|Here it comes, as I somewhere promised, a stage by stage instructions how to merge images creatively. First of all you need at least two images to work with. Here's the first one I used for this example.|
|And here's the other one. As you can see, this is somewhat similar with the first shot, but the tree is different. You can also shoot the same subject and try to change something else like angle of shoot, zoom, or use different light. At twilight you can for example shoot one shot with flash and another without it.|
|What you then do on image editor (GIMP or PhotoShop) is that you open the two (or more) images on separate layers. Next you need to try and decide what layer mode you use for topmost layer(s). Try for example 'Soft light', 'Hard light' and 'Darken' layer modes. Which one is the best depends much on subject and outcome you want to achieve. Here I wanted to multiply the branches against snow, thus selecting 'Darken' layer mode.|
|Next stage is the "blurring stage". The idea is to blur one of the layers either just a little or quite much, depending again on what you want to achieve. With 'Gaussian blur' 50 for 1000 pixel wide images you get just tones enhanced, which can be cool when pictures are differently lit. Here I wanted to achieve something similar as on so called "tilt and shift" images, thus giving only 'Gaussian blur' 10 for the image with a house on background.|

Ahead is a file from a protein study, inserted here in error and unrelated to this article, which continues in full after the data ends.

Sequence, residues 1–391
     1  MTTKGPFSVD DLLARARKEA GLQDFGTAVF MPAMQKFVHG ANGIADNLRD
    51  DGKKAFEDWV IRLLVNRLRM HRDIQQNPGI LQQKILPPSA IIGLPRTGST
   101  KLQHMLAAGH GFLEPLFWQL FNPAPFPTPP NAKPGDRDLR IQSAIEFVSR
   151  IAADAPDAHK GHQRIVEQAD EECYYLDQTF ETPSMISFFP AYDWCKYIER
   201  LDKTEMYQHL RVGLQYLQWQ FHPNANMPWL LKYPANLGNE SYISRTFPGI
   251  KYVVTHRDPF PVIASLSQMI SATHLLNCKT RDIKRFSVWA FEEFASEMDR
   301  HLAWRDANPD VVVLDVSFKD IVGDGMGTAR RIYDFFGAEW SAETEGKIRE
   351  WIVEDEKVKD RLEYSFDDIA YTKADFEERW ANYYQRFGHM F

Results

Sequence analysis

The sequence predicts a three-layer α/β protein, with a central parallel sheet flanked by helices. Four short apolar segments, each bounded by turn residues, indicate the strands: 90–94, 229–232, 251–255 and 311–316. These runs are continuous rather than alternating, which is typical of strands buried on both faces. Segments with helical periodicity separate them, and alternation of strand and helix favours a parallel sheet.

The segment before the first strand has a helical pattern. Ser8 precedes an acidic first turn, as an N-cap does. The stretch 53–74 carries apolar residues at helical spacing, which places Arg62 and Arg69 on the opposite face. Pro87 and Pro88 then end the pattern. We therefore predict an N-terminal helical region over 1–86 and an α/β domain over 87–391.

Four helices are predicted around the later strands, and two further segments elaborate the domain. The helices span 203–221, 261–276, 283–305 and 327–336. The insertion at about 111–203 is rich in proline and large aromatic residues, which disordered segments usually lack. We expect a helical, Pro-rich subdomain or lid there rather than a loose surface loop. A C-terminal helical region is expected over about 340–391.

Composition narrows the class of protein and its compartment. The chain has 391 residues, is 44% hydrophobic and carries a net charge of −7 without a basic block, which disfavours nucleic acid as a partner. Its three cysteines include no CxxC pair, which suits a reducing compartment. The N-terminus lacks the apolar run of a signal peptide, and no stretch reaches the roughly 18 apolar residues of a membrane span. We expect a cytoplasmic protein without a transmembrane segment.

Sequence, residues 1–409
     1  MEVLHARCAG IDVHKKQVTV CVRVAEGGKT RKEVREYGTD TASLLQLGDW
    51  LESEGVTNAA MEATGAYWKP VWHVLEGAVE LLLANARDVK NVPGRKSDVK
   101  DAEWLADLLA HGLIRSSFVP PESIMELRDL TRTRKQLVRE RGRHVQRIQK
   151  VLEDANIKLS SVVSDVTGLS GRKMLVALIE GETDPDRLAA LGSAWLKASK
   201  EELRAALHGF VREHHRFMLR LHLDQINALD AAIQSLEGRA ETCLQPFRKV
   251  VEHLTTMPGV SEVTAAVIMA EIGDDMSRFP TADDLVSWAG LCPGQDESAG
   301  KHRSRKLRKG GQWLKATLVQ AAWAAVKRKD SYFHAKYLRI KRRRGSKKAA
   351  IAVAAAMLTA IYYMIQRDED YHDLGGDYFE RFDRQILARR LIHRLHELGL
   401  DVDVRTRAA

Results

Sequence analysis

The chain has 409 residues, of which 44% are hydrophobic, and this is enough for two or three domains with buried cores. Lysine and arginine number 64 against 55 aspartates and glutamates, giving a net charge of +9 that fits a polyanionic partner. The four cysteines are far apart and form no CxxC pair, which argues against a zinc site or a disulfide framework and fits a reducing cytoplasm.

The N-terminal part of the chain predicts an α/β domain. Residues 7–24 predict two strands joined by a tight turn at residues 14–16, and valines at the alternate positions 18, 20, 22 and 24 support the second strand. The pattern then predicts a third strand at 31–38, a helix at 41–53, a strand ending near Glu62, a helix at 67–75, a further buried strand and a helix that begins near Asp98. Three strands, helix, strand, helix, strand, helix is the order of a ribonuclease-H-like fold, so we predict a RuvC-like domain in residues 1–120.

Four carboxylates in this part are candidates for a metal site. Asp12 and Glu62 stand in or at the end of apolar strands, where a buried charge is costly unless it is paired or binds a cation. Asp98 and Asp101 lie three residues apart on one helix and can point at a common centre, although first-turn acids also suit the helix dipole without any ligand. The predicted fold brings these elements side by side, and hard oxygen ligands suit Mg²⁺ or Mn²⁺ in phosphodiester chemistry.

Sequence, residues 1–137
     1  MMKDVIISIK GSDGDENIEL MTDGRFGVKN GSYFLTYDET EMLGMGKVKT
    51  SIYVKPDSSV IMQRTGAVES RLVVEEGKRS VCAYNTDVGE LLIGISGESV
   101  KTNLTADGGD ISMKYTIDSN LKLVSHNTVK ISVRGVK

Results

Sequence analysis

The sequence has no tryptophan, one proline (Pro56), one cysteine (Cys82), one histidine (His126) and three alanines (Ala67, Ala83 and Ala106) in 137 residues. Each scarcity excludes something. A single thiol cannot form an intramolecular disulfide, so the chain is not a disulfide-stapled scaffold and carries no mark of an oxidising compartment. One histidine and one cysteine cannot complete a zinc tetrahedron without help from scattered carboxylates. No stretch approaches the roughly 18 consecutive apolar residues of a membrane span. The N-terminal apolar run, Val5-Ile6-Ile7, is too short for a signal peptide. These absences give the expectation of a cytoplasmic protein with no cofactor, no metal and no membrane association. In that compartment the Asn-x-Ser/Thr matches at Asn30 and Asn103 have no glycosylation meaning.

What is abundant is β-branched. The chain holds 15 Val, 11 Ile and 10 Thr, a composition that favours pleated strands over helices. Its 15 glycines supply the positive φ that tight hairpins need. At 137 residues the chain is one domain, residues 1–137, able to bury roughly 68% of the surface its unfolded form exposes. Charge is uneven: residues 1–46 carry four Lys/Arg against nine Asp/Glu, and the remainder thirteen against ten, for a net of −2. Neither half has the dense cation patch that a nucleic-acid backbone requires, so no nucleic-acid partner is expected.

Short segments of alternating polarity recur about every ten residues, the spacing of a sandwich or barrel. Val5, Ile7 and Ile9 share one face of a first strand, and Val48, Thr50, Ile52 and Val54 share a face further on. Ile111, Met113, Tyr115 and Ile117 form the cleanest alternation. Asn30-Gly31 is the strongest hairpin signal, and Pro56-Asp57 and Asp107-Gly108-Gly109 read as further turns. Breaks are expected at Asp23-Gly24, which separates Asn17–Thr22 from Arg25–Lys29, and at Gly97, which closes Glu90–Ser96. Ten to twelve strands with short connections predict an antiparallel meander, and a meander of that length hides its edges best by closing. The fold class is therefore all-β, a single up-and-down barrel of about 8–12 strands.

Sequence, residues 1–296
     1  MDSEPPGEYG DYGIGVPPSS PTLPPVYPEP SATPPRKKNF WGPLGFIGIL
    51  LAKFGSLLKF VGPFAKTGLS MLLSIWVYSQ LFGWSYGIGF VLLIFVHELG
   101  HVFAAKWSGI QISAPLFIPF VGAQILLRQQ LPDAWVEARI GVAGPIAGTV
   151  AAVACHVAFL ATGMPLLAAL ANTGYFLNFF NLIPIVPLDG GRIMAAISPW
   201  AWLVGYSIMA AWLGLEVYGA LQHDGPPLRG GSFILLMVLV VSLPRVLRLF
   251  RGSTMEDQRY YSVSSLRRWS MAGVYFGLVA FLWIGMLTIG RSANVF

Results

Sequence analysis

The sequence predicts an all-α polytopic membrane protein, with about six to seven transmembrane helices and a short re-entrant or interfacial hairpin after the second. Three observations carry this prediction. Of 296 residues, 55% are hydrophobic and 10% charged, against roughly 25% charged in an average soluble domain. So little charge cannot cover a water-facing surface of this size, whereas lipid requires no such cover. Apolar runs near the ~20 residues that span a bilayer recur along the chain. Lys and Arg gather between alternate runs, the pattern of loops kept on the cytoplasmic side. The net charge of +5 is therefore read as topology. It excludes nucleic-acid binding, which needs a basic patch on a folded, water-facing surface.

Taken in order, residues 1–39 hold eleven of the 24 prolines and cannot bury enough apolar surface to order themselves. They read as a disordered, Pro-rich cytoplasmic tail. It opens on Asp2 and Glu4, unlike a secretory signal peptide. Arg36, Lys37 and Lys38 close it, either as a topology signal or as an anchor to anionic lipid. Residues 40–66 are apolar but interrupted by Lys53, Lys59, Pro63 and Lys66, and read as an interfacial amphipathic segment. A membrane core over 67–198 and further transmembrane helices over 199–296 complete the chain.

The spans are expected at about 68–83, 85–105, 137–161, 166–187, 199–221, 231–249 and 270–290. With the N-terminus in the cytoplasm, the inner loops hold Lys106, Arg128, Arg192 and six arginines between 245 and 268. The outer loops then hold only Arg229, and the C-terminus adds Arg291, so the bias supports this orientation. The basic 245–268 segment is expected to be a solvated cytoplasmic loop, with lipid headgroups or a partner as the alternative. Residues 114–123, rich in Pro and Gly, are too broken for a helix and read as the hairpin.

|Quite often one may wish to enhance the image using so called "contrast mask". What you do then is that you first merge the image onto one layer, then duplicate, change the duplicate into 'Soft light', invert the duplicate, turn the duplicate to balck and white, and finally blur the duplicate with Gaussian blur (e.g. 50). Now you get image that may look flat (little contrasts) but you also get more tones on shadows and highlights.|
|The final stage is where you do your usual magic. Just remember to merge the image onto one layer once again. You may just try to increase contrast and lightness. Here I first ran Elsamuko's LOMO script, and after that I increased the lightness for middle tones with 'Curves tool'. Not quite finished yet though, but hopefully you got the idea.
Click here to see the final image in full size.